We have shown that 1 E H implies H = Z 10 , so now we consider only the cases with 1 rj_ H. • Suppose 3 E H. Then J\f73 = 6 E H and 3 EB 6 = 9 E H. Since 9 E H, so is its inverse, 1 E H. And we know that if 1 E H, then H = Z 10 . So we may assume 3 rj_ H. • Likewise, if 7 E H or if 9 E H, then we can show that 1 E H, and then H = Z 10 . (Please verify these for yourself.) We may therefore assume that none of 1, 3, 7, or 9 is in H. • Suppose 5 E H. We have H 2 {0, 5}. We know that 1, 3, 7, 9 rj_ H. Might an even integer be in H? If 2 E H, then 2 EB 5 = 7 E H, and that leads to H = Z 10 . Likewise, if any other even number is also in H, then H = Z 10 . So if 5 E H, then either H = {0, 5} or H = Z 10 . We have exhausted all possible cases in which an odd integer is in H. Henceforth we may assume that all elements in H are even. • Suppose 2 E H. By closure, we have 4, 6, and 8 also in H, so H = {0, 2, 4, 6, 8}. • If 4 E H, then 4 EB 4 EB 4 = 2 E H, and we're back to H = {0, 2, 4, 6, 8}. By a similar argument, if 6 or 8 is in H, we again arrive at H {0, 2, 4, 6, 8}.
356
Chapter 8
Algebra
In summary, our analysis shows the following: We kno"Z that 0 E H. If any of 1, 3, 7, or 9 is in H, then H = Z 10 . If 5 E H, then either H ~ {0, 5} or H = Z 10 . If H contains any of 2, 4, 6, or 8, then H = {0, 2, 4, 6, 8} or H = Z 10 . In all cases, we have that His one of {0}, Z 10 , {0, 5}, or {0, 2, 4, 6, 8}, showing that the list in Example 41.2 is exhaustive.
Lagrange's Theorem In Example 41.2, we found four subgroups of (Z 10 , EB). The cardinalities of these four subgroups are 1, 2, 5, and 10. Notice that these four numbers are divisors of 10. Here is another example:
Example 41.3
(Subgroups of S3 ) List all the subgroups of (S3 , o). Solution: Recall that S3 is the set of all permutations of {1, 2, 3}; that is,
s3 = {(1)(2)(3), (12)(3), (13)(2), (1)(23), (123), (132)}. Its subgroups are {(1)(2)(3)} {(1)(2)(3), (12)(3)}
{(1)(2)(3), (13)(2)}
{(1)(2)(3), (1)(23)}
{(1)(2)(3), (123), (132)} {(1)(2)(3), (12)(3), (13)(2), (1)(23), (123), (132)}. The cardinalities of these subgroups are 1, 2, 3, and 6all of which are divisors of6. Examples 41.2 and 41.3 suggest that if (G, *)is a subgroup of (H, *) (and both are finite), then IG I is a divisor of IH 1.
Theorem 41.4
(Lagrange) Let (H, *) be a subgroup of a finite group (G, *) and let a and b = IGI. Then alb.
=
IHI
The central idea in the proof is to partition G into subsets, all of which are the same size as H. Since the parts in a partition are pairwise disjoint, we have divided G into nonoverlapping parts of size IH 1. This implies that IHI divides IG 1. (This approach is akin to using Theorem 15.6.) The partition we create consists of equivalence classes of an equivalence relation which is defined as follows:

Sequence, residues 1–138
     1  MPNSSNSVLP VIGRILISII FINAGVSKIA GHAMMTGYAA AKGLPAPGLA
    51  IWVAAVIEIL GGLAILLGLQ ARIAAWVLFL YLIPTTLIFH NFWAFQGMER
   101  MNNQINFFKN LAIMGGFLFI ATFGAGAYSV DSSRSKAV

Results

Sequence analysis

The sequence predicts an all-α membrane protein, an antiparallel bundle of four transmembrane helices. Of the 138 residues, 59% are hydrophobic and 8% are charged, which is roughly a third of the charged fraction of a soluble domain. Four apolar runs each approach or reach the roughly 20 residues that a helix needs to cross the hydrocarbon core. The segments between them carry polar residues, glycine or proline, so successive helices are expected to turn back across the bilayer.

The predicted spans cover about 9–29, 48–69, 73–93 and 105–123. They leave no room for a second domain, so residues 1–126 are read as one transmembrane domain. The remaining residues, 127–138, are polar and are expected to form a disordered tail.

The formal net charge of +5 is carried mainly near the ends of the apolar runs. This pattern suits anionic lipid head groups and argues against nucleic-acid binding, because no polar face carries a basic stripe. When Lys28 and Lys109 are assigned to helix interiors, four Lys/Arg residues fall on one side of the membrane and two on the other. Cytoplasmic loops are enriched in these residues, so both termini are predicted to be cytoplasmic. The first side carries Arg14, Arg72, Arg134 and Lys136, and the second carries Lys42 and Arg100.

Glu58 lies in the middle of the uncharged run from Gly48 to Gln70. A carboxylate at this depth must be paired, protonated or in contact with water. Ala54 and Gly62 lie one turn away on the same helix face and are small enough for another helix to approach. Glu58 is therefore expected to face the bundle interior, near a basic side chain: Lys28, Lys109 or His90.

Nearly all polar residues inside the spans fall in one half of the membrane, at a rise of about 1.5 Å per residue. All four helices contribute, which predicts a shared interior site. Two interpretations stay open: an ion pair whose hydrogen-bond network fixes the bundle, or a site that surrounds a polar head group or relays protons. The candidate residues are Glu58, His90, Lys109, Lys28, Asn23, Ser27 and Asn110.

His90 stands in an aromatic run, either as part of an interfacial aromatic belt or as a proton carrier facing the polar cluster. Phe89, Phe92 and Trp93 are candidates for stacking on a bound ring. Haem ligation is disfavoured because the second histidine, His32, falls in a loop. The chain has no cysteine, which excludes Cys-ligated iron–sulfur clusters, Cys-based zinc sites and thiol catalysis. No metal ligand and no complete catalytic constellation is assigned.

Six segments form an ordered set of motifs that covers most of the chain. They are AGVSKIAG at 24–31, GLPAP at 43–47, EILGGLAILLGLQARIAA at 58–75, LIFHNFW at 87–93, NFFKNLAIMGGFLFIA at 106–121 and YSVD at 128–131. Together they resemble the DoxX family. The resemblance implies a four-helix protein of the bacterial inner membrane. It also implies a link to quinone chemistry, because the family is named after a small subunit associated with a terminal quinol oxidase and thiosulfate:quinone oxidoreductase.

Definition 41.5
(Congruence modulo a subgroup) Let (G, *) be a group and let (H, *) be a subgroup. Let a, b E G. We say that a is congruent to b modulo H if a * b l E H. We write this as a= b
(mod H).
This is yet another meaning for the overused word mod! We consider an example.
Section 41
357
Subgroups
Consider the group (Z25 , 0). The elements of Z2 5 are
z;5 =
{1, 2, 3, 4, 6, 7, 8, 9, 11, 12, 13, 14, 16, 17, 18, 19, 21, 22, 23, 24}.
Let H = { 1, 7, 18, 24}. The operation table for 0 restricted to H is 0
1
7
18
24
18 1 24
24 18
1
1
7
7
7
18 24
18 24
24 1 18
7 1
7
Notice that H is closed under 0, the identity element 1 E H, and since 24 1 = 24, the inverse of every element of H is again a member of H. Therefore H is a subgroup of Z25 . For this group and subgroup, do we have 2 = 3 (mod H)? The answer is no. To see why, we calculate 2 0 3 1
so 2
=20
17
= 9 ¢:.
3 (mod H). (Note that 3 1 = 17 because 3 0 17 = 1.) On the other hand, we do have 2 11 (mod H). To see why, we calculate
¥=
=
2 0 11 1 = 2 0 16 = 7
so 2
Lemma 41.6
It is interesting to note that the three portions of this proof correspond precisely to the three conditions we must check to prove a subset of a group is a subgroup (Proof Template 24 ). The reflexive property follows from the fact that e E H. The symmetry property follows from the fact that the inverse of an element of H must also be in H.? And transitivity follows from the fact that H is closed under *·
H
E
H
(mod H). (Note that 11 1 = 16 because 11 0 16 = 176 mod 25 = 1.) Congruence modulo a subgroup is an equivalence relation on the group.
= 11
Let (G, *)be a group and let (H, *)be a subgroup. Then congruence modulo H is an equivalence relation on G.
Proof. To check that congruence modulo H is an equivalence relation on G, we need to show that it is reflexive, symmetric, and transitive. Congruence modulo His reflexive. Let g E G. We need to show that g 1 need to show g * g 1 E H. Since g * gg